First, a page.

Smart growth news – September 16

The Case for a D.C.-Baltimore Mega-Region
Atlantic Cities, September 16, 2011
Last Friday, Maryland released the latest draft of PlanMaryland, the state’s ambitious effort “to encourage smart growth and to discourage sprawl.” The new draft takes into account comments received since the previous version, which was released in April. It makes a compelling case for developing Maryland into higher density residential pockets strategically placed along established lines of road, transit, and water infrastructure. If it succeeds, Maryland circa 2035 will be dominated by a strong orange-red D.C.-Baltimore mega-region.

Philadelphia plan aims high for vitality, resilience
NRDC Switchboard, September 16, 2011
Earlier this year, the city adopted the first key phase of the plan, a “Citywide Vision” that stresses such important topics as efficient transportation and connectivity, parks and open space, diverse and authentic neighborhoods, and taking advantage of legacy industrial areas ripe for redevelopment.

‘Slice of Saugatuck’ highlights neighborhood’s resilience
Westport News (Conn.), September 15, 2011
“We wanted to bring a neighborhood and village feel back to Saugatuck,” said Gault President Sam Gault. “The vision was to have a true smart-growth, mixed-use project where you have people working and utilizing the retail shops as well as people living there.”

Candidates Pledge to Revitalize Downtown Sayville
Sayville Patch (N.Y.), September 15, 2011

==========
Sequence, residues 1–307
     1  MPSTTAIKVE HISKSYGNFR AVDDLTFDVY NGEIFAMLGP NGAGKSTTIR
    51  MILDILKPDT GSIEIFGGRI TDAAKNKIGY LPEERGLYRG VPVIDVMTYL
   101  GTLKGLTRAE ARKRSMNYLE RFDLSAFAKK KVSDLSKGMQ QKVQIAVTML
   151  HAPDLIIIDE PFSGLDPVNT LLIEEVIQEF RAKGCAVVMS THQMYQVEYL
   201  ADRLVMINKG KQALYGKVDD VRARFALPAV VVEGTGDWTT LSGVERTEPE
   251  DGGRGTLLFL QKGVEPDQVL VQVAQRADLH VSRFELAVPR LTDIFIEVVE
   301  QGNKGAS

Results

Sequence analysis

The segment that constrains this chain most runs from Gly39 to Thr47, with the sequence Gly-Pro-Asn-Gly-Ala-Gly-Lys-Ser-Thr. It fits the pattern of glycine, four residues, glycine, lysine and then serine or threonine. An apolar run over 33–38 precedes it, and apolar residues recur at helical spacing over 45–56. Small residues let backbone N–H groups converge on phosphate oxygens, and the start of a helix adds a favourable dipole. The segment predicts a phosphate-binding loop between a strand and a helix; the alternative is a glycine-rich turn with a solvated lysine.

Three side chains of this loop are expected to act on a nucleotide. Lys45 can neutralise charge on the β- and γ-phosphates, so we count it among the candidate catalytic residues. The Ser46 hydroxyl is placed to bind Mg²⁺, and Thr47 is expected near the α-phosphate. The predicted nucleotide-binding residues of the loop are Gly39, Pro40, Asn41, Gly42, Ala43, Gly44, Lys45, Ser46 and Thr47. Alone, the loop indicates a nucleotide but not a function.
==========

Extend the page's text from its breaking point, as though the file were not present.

Republican officials said they have several ideas for bringing businesses back to Sayville. Town of Islip Councilman Steven Flotteron (R) said he would like to promote “smart growth.”

More public transit in city’s plans
Omaha World-Herald (Neb.), September 16, 2011
The plan, expected to be completed next year, runs through 2035 and is likely to call for a larger public transportation system, more bicycle lanes and a streetcar line.

NYC parking spaces get transformed in global event
Associated Press (via Wall Street Journal), September 16, 2011
New Yorkers are transforming 30 metered parking spots around the five boroughs into green spaces, performance areas and outdoor classrooms.

Urban area plan introduced
Northern Virginia Daily, September 16, 2011
County planning officials held the first of two public introduction meetings for the Senseny/Eastern Frederick Urban Area Plan, which drew on residents’ input. The smaller area plan covers 16,000 acres east of Interstate 81, from the city limits to the border with Clarke County, Red Bud Run and Parkins Mill. Creation of the urban area plan comes on the heels of the recently approved larger, state-mandated comprehensive plan. Now county officials can address future planning for smaller areas.

NJ town praised for renewal gets rating downgrade
Associated Press, September 16, 2011
With well-regarded restaurants, a walkable main street dotted with yoga studios and rail service that zips commuters to jobs in downtown Philadelphia, this town of 14,000 is held high as a national model of smart growth.

Brown says Downtown needs ‘holistic approach’
Financial News & Daily Record (Fla.), September 16, 2011
Mayor Alvin Brown said Wednesday that Downtown development, one of his campaign pledges and a platform in his economic development vision, must be considered holistically.

Opinion: UN program would end property rights
Knoxville News Sentinel (Tenn.), September 15, 2011
It is imperative to familiarize yourself with a plan from the United Nations called AGENDA 21/Sustainable Development. Words like “smart growth,” “sustainable development” and “mixed-use, high-density urban development” have become commonplace. Many cities have already signed onto this U.N. plan at the local level and set up Offices of Sustainable Development. While mayor, Gov. Bill Haslam signed Knoxville up for the International Council for Local Environmental Initiativesin 2007, and every year Knoxville taxpayers send $2 million to the facilitators through the Office of Sustainable Development directly to the U.N.